It turns out I was right to take the photo because these crumbling concrete drains were actually the balloon tethers. They are also drainage hatches but, during the war, they were seen as a handy place to tether the barrage balloons. For anyone not familiar with barrage balloons, they were large torpedo shaped balloons tethered on strong metal cables, either to a sturdy structure on the ground, a vehicle or a ship. They were used to stop enemy aircraft flying low over the city and force them into the range of the anti aircraft guns. The planes were forced to fly above them to avoid either colliding with them or getting entangled in the cables. Some also had explosive charges. Of course, this didn’t always work and often the balloons would be shot down.
Tramping back across the grass through the sticky mud reminded me that this area was once a brickworks, making use of the sticky clay that was making walking so difficult for me. In the late ninteenth and early twentieth century this was a largely rural area and in the summer the men would build kilns and dig the clay while the young lads would help get it ready, knocking the air out. The landscape would have been very different back then but at least the mud would have served some purpose other than to make me slip and slide.
At least, when I got back to the pond, the path around it was relatively mud free so I decided to walk the perimeter. The ducks had woken up by this time and my presence on the bank had attracted their attention. They obviously thought I was there to feed them and came ploughing across the water towards me. Unfortunately, I’d left the swan and duck food at home on the kitchen table so they wasted their energy.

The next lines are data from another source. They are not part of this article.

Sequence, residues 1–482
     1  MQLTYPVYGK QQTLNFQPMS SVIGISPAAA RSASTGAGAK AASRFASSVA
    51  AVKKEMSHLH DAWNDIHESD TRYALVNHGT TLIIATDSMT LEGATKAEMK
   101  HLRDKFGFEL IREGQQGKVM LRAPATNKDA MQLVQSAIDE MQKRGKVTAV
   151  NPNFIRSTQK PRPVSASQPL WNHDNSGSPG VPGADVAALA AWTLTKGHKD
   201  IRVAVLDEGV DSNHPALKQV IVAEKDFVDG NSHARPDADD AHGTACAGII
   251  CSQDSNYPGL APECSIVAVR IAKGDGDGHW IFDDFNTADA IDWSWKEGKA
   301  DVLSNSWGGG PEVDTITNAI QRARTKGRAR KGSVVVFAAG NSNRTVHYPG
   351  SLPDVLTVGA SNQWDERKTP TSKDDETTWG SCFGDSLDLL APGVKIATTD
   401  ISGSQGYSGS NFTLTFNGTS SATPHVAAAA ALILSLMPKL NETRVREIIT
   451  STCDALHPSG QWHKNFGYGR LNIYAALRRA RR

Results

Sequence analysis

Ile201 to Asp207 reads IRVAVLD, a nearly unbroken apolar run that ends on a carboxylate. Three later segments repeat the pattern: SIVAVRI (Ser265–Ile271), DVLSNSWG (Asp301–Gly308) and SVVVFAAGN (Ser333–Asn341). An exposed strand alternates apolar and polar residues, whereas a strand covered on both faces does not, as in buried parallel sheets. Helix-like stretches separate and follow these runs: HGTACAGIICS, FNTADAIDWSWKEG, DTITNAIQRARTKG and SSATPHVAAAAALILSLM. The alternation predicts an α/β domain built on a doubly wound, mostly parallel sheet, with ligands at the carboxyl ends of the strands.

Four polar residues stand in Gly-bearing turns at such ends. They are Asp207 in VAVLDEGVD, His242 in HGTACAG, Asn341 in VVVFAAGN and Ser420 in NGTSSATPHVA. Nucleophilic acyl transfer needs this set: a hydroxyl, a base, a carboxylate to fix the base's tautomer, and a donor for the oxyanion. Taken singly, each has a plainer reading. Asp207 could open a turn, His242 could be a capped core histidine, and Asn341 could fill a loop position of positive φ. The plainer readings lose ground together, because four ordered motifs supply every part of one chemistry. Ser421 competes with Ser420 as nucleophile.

The land to the east of the pond is mostly trees bounded by the fields and the paved path to the south. This woodland once stretched over several acres with a marshy area fed by a stream running roughly where Spring Road is now and a pond to the east beside Botany Bay fed by a stream from Thornhill. In 1762, industrialist Walter Taylor, used this natural feature and built an L shaped pond as a resevoir to feed Weston Mill, his Mayfield Estate wood mill. The pond was known as Weston Pond and then Mill House Pond, but the mill was short lived. Taylor moved it to Woodmill in the late 1770’s.
When the railways came in the mid 1800’s, the railway bridge cut across the land between the Mayfield Estate and Mill House Pond. The pond, much decreased in size after the demise of the mill, now passed under the railway arches into the stream running through the valley towards Weston Shore. Gradually the pond silted up and split into two parts, the larger on the edge of Spring Road. Slowly houses encroached on the edges on the pond along Spring Road, Station Road and Botany Bay Road, leaving the pond as a small oasis of greenery beside the railway line. By the 1930’s the locals were making good use of the old mill pond. In winter, when it iced over, there would be ice skating, in summer pony riding. The pond was filled with newts and frogs, wild flowers grew along its banks and swans and moorhens swam on the clear water.